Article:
Chapters 40–66: content and arrangement
The background of chs 40–55 (or for some scholars 40–54 ) is the international situation during the reign of the last Babylonian ruler, Nabonidus (556–539 BCE). It is most likely that the prophetic author was among those deported to Babylon, though a Judean location is also possible.
The centerpiece of chs 40–48 is a prophetic oracle designating the Persian king, Cyrus II (the Great), as the instrument for the repatriation of dispersed Israelites and their reestablishment in the Judean homeland in the hands of the God of Israel, the one, true God and creator of the world. The author confidently predicts the imminent fall of Babylon and attacks Babylonian religious and intellectual traditions.
The note of consolation and hope continues in chs 49–55 , though there are also signs of dissatisfaction, anxiety, and internal tension in the community on whose behalf the prophet is speaking and writing (e.g., in 50.4–11 and 52.13–53.12 , the third and fourth of the “Servant Songs”; see 42.1–4n ).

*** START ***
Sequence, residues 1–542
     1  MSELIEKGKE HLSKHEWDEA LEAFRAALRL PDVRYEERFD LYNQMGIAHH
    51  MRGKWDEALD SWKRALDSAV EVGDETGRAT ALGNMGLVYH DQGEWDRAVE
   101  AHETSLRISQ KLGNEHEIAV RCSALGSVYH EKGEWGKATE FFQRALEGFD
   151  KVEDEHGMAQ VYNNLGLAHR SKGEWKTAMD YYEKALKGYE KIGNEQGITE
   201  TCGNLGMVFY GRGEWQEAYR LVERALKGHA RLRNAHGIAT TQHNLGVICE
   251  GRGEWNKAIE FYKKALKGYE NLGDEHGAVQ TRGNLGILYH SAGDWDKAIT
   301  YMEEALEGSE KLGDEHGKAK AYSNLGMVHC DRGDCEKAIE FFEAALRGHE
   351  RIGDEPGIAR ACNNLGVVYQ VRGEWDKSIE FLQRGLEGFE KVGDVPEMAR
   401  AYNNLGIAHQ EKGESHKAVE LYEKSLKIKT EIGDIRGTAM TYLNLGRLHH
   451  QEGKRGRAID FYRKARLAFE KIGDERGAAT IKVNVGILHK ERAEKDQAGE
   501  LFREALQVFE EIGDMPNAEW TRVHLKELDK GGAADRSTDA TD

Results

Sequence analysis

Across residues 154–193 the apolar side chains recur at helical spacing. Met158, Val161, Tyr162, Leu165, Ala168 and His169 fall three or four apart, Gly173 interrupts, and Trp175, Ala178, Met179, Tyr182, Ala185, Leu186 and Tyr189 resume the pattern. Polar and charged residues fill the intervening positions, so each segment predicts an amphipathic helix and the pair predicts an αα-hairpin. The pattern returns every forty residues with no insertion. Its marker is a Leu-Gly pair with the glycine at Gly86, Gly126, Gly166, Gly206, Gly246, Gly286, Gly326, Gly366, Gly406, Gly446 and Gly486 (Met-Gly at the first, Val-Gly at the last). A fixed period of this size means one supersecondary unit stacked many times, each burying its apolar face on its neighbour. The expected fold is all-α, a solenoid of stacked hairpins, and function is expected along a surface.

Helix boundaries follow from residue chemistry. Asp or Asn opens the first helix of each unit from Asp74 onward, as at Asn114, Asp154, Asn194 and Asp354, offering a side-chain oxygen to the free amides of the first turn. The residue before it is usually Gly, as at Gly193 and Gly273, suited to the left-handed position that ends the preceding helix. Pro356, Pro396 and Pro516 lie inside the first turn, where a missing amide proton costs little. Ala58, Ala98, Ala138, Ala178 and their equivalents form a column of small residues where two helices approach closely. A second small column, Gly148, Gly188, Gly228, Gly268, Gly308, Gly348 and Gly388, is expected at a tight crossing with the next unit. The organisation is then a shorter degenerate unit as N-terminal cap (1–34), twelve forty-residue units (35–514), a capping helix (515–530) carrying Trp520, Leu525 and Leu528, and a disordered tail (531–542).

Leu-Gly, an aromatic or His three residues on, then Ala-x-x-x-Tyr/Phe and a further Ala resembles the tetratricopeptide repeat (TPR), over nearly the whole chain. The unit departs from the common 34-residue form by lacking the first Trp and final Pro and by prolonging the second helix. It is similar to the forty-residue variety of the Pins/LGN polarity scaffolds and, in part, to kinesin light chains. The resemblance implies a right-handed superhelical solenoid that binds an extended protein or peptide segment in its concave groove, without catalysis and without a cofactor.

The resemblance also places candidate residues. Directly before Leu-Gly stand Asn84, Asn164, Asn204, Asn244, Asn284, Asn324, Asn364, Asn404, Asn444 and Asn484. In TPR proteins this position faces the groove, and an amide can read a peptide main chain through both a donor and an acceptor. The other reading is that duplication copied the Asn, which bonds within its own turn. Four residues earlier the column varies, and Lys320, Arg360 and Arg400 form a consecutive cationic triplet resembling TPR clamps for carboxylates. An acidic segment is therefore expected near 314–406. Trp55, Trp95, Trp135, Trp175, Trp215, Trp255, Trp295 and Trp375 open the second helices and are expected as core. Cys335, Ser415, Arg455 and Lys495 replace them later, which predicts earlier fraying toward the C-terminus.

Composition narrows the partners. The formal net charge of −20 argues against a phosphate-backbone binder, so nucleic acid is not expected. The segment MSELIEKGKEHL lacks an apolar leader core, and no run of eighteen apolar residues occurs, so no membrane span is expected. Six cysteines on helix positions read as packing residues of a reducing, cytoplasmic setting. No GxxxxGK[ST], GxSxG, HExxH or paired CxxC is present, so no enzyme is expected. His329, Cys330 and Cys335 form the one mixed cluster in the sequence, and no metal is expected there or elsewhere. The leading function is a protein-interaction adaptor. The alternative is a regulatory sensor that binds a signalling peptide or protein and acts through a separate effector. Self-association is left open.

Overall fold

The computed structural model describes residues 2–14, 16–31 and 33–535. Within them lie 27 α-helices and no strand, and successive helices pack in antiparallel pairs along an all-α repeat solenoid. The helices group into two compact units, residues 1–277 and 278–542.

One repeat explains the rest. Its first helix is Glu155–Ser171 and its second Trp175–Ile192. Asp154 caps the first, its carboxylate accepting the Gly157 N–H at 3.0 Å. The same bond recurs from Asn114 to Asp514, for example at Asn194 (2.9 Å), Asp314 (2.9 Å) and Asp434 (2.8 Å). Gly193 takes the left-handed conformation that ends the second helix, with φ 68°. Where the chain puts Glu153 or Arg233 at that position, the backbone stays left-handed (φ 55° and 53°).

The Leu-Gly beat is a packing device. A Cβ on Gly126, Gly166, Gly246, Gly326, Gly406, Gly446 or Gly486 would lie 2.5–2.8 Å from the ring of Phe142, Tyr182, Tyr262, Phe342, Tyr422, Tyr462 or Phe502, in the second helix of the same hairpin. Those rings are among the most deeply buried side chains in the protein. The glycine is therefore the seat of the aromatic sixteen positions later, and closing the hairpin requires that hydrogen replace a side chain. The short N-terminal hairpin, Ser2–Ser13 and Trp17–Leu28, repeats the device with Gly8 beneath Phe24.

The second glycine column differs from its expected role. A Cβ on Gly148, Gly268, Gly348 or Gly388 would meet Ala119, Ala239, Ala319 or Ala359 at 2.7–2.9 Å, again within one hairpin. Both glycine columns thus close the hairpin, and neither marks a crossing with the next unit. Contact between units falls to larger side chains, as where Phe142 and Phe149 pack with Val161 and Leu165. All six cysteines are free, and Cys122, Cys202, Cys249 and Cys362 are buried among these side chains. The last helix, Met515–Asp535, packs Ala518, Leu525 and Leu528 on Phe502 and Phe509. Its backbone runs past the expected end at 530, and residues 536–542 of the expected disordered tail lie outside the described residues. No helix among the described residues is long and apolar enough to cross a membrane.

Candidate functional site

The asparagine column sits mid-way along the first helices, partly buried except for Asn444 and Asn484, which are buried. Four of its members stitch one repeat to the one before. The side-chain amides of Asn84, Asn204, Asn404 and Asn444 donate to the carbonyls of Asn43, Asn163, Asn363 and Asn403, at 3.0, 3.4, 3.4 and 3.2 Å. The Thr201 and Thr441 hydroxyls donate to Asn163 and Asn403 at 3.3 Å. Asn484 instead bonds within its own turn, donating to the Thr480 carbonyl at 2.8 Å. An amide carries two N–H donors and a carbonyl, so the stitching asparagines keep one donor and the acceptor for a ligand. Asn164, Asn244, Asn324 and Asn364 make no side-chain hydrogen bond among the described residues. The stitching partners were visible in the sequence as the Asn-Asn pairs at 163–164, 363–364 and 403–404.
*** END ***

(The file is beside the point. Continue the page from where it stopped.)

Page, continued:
While the third major segment of the book (chs 56–66 ) has connections with chs 40–55 , and also with chs 1–39 by virtue of its concern with the destiny of Jerusalem, the situation is in several important respects different. These texts seem to focus exclusively on the internal affairs of the community in the early Persian period (late sixth century BCE). The disappointment of expectations aroused by the conquests of Cyrus has led to a resurgence of non‐Yahwistic religious practices ( 57.1–13; 65.1–7; 66.3–4 ) and deep religious, social, and economic divisions within the Judean community (e.g., 56.1–8; 58.1–12; 59.1–8 ). Attention is directed increasingly away from an unsatisfactory present to the projection of a future intervention of God in judgment and salvation, an apocalyptic vision of a purified people and Jerusalem as the religious capital of the world.